J1.00003: Anisotropic London Penetration Depth in Iron-based Pnictide Superconductors Invited Speaker: The temperature dependent London penetration depth, $\lambda \left( T \right)$, is linked directly to the structure of the superconducting gap, thus providing valuable insight into the pairing mechanism. I will summarize measurements of the penetration depth in single crystals of iron-based pnictide superconductors comparing the ``1111'', ``11'' and ``122'' families. Compatibility of our results with other gap sensitive probes, such as ARPES and thermal conductivity, will be addressed. A detailed discussion of the doping dependent penetration depth will be given for the well-characterized ``122'' family, (Ba$_{1-y}$K$_{y})$(Fe$_{1-x}$T$_{x})_{2}$As$_{2}$ (T=Co, Ni, Pd, Rh). Overall, $\lambda \left( T \right)$ exhibits a power law variation at low temperatures, $\lambda \left( T \right)=\lambda \left( 0 \right)+bT^n$ (down to 80 mK in the case of FeNi-122). The exponent $n$ is typically less than 2.8, which is clearly different from $n\approx 4$ that parameterizes the exponential behavior expected for conventional fully gapped s-wave superconductors. The low-temperature parameters, $\lambda \left( 0 \right)$, $b$ and $n$ depend on the doping level and the orientation of a magnetic field with respect to the crystal axes. This evolution is best observed in the out-of-plane penetration depths, $\lambda _c \left( T \right)$, which at least in the FeNi-122 system, changes from a high power in the underdoped regime to $T-$linear in overdoped samples. Simultaneously, the in-plane penetration depth, $\lambda _{ab} \left( T \right)$, evolves towards a sub-quadratic behavior with $n\approx 1.7$. Furthermore, analysis of the superfluid density in the full temperature range is consistent with two-gap superconductivity. However, the temperature dependencies of the anisotropies, ${\lambda _c } \mathord{\left/ {\vphantom {{\lambda _c } {\lambda _{ab} }}} \right. \kern-\nulldelimiterspace} {\lambda _{ab} }$ and ${\xi _{ab} } \mathord{\left/ {\vphantom {{\xi _{ab} } {\xi _c }}} \right. \kern-\nulldelimiterspace} {\xi _c }$, are opposite compared to another two-gap superconductor, MgB$_{2}$. Consistency of these results with theories that explain the power law behavior to be due to scattering in a two-dimensional $s_\pm $ model will be discussed. Overall, our results suggest that the superconducting gap in iron-based pnictide superconductors develops nodal structure in the overdoped regime with nodes located at finite $k_z $ wave vectors on a three-dimensional Fermi surface. \\[4pt] \textbf{References:} C. Martin \textit{et al.}, Phys. Rev. Lett. \textbf{102}, 247002 (2009); R. T. Gordon \textit{et al.}, Phys. Rev. Lett. \textbf{102}, 127004 (2009); R. T. Gordon \textit{et al.}, Phys. Rev. B \textbf{79}, 100506(R) (2009) [Preview Abstract] |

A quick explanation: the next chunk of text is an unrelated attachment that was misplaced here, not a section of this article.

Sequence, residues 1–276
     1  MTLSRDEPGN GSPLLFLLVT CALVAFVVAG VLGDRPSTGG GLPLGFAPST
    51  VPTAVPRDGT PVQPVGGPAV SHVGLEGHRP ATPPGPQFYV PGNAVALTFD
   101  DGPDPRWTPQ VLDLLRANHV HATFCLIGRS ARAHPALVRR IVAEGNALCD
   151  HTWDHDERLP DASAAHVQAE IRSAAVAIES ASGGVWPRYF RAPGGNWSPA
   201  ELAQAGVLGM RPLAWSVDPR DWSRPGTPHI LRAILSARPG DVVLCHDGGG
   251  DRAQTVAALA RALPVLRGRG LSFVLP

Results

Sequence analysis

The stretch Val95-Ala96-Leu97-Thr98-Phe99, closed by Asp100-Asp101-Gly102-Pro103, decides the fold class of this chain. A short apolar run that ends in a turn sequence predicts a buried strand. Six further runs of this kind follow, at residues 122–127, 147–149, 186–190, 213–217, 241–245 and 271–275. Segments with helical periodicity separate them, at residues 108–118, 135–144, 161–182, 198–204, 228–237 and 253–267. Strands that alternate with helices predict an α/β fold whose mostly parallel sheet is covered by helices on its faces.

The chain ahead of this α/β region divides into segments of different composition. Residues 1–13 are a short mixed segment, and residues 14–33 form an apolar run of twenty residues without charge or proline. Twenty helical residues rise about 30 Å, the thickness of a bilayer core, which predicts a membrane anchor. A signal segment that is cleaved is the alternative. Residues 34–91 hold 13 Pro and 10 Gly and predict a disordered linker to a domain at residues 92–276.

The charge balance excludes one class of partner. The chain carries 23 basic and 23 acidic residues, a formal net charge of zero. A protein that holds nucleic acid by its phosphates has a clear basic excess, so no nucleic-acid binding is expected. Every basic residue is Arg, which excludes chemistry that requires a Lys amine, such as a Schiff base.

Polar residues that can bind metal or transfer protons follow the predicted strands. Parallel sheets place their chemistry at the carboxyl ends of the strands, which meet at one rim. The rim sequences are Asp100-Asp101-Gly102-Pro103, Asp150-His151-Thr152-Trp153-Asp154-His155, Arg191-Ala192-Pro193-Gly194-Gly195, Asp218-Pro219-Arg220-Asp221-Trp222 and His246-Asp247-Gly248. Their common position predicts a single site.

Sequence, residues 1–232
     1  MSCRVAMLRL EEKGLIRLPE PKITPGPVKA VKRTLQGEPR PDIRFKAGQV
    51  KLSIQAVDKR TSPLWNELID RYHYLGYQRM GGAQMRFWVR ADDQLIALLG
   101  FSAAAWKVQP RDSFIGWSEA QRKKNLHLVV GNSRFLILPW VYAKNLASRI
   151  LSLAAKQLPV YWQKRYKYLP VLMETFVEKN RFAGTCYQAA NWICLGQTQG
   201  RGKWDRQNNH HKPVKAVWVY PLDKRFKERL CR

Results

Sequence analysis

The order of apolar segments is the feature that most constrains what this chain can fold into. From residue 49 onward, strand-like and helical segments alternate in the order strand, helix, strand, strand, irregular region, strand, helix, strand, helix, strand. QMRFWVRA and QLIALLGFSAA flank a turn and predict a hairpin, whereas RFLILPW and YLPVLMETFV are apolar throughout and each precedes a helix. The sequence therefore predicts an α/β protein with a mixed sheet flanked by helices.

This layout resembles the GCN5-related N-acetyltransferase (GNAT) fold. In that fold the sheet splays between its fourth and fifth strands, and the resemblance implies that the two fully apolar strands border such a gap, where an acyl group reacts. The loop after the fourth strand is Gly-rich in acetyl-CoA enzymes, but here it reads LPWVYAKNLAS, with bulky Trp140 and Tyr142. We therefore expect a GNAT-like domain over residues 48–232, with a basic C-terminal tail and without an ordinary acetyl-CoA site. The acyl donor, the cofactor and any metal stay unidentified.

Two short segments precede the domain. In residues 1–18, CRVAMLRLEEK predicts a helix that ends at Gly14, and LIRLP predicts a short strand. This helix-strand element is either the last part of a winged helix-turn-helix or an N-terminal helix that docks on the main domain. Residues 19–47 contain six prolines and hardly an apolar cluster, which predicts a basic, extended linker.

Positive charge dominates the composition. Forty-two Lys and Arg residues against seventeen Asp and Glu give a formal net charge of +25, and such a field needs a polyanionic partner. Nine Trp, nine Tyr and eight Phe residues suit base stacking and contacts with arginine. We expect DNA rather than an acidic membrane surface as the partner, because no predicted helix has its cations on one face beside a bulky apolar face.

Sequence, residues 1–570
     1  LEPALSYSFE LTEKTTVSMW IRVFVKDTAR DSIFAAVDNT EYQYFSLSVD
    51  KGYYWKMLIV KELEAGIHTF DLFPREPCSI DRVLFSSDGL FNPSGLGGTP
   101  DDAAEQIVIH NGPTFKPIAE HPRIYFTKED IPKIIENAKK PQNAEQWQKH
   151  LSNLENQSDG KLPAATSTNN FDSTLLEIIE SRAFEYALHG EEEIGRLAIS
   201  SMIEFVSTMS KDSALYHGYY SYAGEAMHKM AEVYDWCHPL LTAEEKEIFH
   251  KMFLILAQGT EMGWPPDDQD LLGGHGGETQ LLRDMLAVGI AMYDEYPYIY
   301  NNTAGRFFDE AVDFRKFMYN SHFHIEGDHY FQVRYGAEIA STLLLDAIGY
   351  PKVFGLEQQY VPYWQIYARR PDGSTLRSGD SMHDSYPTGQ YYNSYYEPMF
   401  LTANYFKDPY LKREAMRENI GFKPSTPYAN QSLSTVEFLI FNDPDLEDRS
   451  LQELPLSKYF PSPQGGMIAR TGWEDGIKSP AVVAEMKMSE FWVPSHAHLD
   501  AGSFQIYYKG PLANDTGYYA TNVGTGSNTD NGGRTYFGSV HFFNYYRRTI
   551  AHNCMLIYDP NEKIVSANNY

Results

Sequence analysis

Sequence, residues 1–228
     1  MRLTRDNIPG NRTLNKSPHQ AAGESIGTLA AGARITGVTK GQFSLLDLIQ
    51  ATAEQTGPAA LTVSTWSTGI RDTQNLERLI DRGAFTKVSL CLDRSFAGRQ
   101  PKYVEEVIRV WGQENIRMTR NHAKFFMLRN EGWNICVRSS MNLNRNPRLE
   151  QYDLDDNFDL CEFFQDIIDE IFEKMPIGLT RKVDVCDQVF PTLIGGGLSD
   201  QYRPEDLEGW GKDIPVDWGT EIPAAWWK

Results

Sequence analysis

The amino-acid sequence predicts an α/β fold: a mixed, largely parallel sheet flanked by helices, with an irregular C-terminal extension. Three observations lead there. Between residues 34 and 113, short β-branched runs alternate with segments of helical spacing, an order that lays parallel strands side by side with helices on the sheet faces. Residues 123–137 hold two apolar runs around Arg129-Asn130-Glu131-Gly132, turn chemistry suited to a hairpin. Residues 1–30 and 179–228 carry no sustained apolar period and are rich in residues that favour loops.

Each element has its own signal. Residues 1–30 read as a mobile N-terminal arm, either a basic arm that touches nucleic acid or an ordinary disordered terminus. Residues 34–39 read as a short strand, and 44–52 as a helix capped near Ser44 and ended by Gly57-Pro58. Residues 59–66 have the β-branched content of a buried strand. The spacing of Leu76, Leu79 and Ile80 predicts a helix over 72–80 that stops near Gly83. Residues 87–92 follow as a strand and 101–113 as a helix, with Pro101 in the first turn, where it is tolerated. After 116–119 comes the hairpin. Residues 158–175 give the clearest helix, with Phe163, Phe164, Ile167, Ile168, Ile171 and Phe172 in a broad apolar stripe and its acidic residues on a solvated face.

Tuesday, March 16, 2010 1:03PM - 1:39PM |
J1.00004: Ferropnictides at high magnetic fields: the role of pairing symmetry and impurity scattering Invited Speaker: An overview of recent results on the effect of impurity scattering and pairing symmetry on the upper critical field $H_{c2}(T)$ and critical temperature of oxypnictides at very high magnetic fields is given. The role of multiband effects and different scattering impurity channels on the observed anomalous temperature dependencies of anisotropic $H_{c2}(T)$ significantly exceeding the BCS paramagnetic limit is addressed. [Preview Abstract] |
Tuesday, March 16, 2010 1:39PM - 2:15PM |
J1.00005: Gap structure of iron-pnictide superconductors from low-temperature heat transport Invited Speaker: The structure of the superconducting gap provides important clues on the symmetry of the order parameter and the pairing mechanism. Here I describe how measurements of the thermal conductivity at very low temperature can be used to determine whether nodes are present in the gap function of a particular superconductor, and how the application of a magnetic field probes the low-energy quasiparticle excitations. Measurements on hole-doped and electron-doped pnictide superconductors, Ba$_{1-x}$K$_x$Fe$_2$As$_2$ [1] and Ba(Fe$_{1-x}$Co$_x$)$_2$As$_2$ [2], reveal a negligible residual linear term at T$\to$0, showing that the gap of these two superconductors has no nodes, at least in the basal plane. In both pnictides, a small field is found to be very effective in exciting quasiparticles, showing that the gap must be very small in some direction on the Fermi surface. In Ba(Fe$_{1-x}$Co$_x$)$_2$As$_2$, the evolution with doping x is as follows: at low x, the gap is large everywhere on the Fermi surface, and beyond optimal doping the minimum gap becomes progressively smaller. I discuss what these features tell us about the nature of the superconducting state in pnictide superconductors. * Measurements of heat transport performed in collaboration with X.-G. Luo, H. Shakeripour, M.A. Tanatar, N. Doiron-Leyraud and L. Taillefer. [1] X.-G. Luo et al., Phys. Rev. B 80, 140503 (2009). [2] M.A. Tanatar et al., arXiv:0907.1276. [Preview Abstract] |